Sally Berry, 78, single-handedly turned her back garden into a beautiful, two-acre paradise.
The former coal board dumping ground is now thriving with nesting swans, kingfishers and geese on a tranquil lake.
Waterfalls trickle down an impressive rockery and Sally has put together a wonderful apple orchard, Manchester Evening News reports.
The garden, in Salford, Greater Manchester, boasts a vast array of wildflowers and plants alongside streams and beside hidden pathways.
It has now been called The Secret Garden and will be open for the public to enjoy over the next three Sundays under the National Garden Scheme.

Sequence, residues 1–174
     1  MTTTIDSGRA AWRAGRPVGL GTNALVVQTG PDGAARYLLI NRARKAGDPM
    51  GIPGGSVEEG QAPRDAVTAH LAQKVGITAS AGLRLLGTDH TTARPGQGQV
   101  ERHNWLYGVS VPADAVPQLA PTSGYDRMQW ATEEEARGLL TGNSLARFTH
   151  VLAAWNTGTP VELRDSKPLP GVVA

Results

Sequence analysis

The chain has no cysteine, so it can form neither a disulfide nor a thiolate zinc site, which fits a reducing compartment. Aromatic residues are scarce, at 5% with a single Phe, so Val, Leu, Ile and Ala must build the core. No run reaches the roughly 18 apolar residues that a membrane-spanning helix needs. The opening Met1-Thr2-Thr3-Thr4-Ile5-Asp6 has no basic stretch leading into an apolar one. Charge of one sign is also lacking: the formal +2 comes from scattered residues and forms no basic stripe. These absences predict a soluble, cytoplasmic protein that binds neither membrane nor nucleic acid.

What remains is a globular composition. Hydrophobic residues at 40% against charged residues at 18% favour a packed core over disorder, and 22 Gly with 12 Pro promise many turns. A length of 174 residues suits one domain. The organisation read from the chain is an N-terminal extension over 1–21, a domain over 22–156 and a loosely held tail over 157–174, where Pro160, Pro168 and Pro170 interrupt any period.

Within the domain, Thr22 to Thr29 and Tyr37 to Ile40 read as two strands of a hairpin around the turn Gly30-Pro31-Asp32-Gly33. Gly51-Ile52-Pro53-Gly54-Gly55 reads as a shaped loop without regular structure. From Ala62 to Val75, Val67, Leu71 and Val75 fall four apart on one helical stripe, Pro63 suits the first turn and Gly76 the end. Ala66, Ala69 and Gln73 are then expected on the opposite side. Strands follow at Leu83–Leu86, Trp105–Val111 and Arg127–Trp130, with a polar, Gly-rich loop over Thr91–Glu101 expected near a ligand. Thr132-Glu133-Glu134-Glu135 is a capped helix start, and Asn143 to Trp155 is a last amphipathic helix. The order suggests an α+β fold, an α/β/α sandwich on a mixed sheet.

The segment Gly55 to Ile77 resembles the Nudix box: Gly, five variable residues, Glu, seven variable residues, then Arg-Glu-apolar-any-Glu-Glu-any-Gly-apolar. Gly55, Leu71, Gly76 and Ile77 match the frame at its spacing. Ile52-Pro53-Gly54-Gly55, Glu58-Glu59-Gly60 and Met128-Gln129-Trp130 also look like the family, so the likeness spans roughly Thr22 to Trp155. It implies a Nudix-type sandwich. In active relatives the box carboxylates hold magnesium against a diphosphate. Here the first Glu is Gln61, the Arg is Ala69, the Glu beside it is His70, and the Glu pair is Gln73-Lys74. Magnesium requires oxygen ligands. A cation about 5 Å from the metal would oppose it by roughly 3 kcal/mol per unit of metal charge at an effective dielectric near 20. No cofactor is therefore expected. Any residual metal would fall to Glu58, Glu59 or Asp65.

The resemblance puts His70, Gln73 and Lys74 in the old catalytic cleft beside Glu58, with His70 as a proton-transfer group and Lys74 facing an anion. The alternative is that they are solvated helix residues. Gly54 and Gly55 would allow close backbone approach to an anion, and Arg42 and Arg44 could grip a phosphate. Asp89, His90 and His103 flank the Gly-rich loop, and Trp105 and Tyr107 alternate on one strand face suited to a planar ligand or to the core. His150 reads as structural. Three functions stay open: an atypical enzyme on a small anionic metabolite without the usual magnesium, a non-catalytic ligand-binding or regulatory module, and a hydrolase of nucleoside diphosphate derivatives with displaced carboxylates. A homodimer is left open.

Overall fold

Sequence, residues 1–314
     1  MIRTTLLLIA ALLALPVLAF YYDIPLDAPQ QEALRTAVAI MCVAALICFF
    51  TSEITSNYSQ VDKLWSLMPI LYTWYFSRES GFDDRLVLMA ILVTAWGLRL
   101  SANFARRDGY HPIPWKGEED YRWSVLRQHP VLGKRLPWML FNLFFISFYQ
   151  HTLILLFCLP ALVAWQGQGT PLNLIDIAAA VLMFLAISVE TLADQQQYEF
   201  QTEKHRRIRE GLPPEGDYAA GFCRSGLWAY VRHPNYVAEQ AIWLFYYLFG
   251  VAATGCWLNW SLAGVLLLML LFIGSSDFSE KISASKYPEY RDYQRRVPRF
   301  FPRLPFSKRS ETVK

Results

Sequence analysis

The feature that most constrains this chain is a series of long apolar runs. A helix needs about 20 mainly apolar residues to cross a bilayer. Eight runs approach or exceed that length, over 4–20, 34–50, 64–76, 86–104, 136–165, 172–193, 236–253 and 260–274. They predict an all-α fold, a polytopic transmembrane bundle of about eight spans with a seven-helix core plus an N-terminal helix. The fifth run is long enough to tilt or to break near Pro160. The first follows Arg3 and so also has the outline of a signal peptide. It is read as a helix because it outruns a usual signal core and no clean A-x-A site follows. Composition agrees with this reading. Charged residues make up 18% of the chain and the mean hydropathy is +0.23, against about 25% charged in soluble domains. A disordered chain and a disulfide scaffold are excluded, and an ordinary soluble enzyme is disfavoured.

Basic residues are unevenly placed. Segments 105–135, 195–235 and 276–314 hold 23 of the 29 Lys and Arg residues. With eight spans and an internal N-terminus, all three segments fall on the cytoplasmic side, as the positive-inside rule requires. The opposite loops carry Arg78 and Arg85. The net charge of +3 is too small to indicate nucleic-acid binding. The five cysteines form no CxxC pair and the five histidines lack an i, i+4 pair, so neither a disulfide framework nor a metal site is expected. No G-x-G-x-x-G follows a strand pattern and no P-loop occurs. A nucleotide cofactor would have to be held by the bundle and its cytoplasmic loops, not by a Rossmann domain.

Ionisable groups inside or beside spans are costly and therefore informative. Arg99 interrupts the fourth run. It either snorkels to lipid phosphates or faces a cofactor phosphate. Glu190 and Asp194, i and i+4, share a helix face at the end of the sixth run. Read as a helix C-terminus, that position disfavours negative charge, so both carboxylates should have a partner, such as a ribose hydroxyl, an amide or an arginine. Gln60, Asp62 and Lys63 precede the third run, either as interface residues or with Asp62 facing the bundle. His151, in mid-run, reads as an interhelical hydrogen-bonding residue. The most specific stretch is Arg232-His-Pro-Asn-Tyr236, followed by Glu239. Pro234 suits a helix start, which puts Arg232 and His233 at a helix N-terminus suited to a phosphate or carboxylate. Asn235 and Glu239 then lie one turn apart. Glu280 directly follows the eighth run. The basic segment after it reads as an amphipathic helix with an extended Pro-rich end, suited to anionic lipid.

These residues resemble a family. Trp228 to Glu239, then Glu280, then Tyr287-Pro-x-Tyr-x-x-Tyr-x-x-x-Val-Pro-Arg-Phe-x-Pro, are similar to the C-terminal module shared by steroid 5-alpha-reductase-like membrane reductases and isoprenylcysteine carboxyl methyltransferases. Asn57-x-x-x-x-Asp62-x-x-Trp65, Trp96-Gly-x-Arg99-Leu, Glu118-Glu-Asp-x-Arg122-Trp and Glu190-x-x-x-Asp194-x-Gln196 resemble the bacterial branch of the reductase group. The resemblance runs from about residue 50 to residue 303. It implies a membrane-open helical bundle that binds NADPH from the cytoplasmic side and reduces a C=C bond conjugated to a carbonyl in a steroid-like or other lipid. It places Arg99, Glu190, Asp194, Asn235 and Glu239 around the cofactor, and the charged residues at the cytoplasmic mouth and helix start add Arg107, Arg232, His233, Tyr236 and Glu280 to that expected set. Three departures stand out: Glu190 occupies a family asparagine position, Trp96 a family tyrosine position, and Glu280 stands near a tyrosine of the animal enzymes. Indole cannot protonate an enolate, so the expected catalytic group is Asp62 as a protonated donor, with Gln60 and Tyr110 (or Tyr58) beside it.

Sally, who has six grandchildren, has already raised more than £10,000 for cancer charities but intends to reach huger sums.
"It has been fun to design and fun to take on a place that no one else wanted. It was a challenge but I have actually enjoyed it all. It kind of invented itself as it went along," Sally said.
"I have had the most pleasure seeing it change."
The mum-of-three was born in London and evacuated to Cornwall at the start of the Second World War. She believes her childhood of nature and freedom fostered her love of gardening.
Sally's son William, 40, said: "Mum spent virtually every day down there, hacking balsam with a scythe, chopping brambles with a machete and digging paths with a mattock which is a type of shovel.
"After seven years of hard graft, the garden is an absolute success.
"I am amazed at how the land has transformed from a swamp into a paradise. It has been achieved by mum's energy, experience and endless enthusiasm."